I definitely prefer to work alone. My brain is very easily distracted, and little kid noises sometimes drive me crazy when I'm trying to concentrate on a color palette (not to mention other people constantly bumping the table does not help when I'm painting a tiny area with a mini brush). That said, I love it when we can all sit down together and work on paintings. I think this will get better as they get older, and we can start creating stories and projects together. Sometimes I feel like a bad mom that I talk about how my kids drive me crazy, but I'm just bein' real. I know I can't be alone in that.
Did you struggle with emotions and finding a balance when you were a new mom? What were your discoveries and how did you work through those times?
Oh definitely, and it's something I'm still trying to work through.Now I'm trying to find a very very delicate balance between spending time with the kids, finding time to work, spending time with my husband, and still having time to rest and sleep. I wouldn't want to give up being a stay at home mom, but it comes with tons of sacrifice, from a lot of different angles.
How many children do you have and do you want more?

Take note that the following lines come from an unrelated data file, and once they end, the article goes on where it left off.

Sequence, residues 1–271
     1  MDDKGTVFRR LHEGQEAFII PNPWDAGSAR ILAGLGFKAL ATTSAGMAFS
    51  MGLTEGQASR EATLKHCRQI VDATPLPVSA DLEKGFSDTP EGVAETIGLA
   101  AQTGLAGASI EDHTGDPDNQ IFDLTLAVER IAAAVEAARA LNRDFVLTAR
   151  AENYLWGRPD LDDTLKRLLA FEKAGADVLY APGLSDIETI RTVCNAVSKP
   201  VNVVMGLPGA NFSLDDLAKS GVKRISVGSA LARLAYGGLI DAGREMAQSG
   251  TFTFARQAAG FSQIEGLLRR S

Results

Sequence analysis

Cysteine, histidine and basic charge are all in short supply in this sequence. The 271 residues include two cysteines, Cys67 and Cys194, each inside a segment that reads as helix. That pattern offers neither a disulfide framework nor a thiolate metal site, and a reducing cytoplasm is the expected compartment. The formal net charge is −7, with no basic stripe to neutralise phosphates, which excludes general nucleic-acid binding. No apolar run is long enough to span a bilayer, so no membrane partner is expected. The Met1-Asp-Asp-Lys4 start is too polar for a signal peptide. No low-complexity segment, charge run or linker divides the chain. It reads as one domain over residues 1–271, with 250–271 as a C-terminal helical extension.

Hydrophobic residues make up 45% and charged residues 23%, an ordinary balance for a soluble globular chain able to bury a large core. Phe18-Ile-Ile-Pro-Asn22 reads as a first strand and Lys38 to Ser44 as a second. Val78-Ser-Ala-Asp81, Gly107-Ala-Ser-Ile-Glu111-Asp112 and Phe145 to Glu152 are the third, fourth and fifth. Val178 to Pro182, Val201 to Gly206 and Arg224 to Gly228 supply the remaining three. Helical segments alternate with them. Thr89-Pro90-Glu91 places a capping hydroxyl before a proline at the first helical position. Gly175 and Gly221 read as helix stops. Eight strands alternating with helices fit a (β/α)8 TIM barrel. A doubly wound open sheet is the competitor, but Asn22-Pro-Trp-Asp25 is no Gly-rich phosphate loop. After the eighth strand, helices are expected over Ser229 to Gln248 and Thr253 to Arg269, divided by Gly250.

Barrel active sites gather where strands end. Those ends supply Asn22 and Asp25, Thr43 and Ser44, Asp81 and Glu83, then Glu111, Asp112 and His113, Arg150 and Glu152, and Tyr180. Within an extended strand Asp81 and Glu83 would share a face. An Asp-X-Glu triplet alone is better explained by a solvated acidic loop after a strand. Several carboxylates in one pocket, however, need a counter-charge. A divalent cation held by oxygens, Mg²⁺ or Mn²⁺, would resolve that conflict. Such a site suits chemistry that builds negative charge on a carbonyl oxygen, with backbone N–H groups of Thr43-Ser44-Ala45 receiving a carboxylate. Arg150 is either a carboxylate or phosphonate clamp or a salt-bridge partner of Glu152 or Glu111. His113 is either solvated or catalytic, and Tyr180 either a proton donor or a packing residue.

Do you have advice for mothers out there who may struggle with the mother artist balance?
I'm still living it, so I'm still struggling. But I would advise to take a good look at all those different aspects of your life, and be SURE they are working out the way you think they are. When 3 parts of your life are going really well, it's easy to not notice that the 4th part is slipping through the cracks.
Give us some tips on how to make your Etsy shop a success.
I wish I had tips for you. I've had my shop for 10 years, and while I do sell stuff there sometimes it's not a regular thing by any means.
Where did you come up with the name Cordial Kitten?
I literally opened a dictionary one day and started pointing at words. I wrote them down, and "Cordial" made the list. Somehow in my brain "Kitten" just magically followed and I ran with it.
Find Cordial Kitten at:
What do you want to be remembered for as an artist?
More and more I want to be remembered for making cute things that make people smile.
Find Cordial Kitten at:
* Some photographs were submitted by and belong to the artist.
* Some photographs were submitted by and belong to the artist.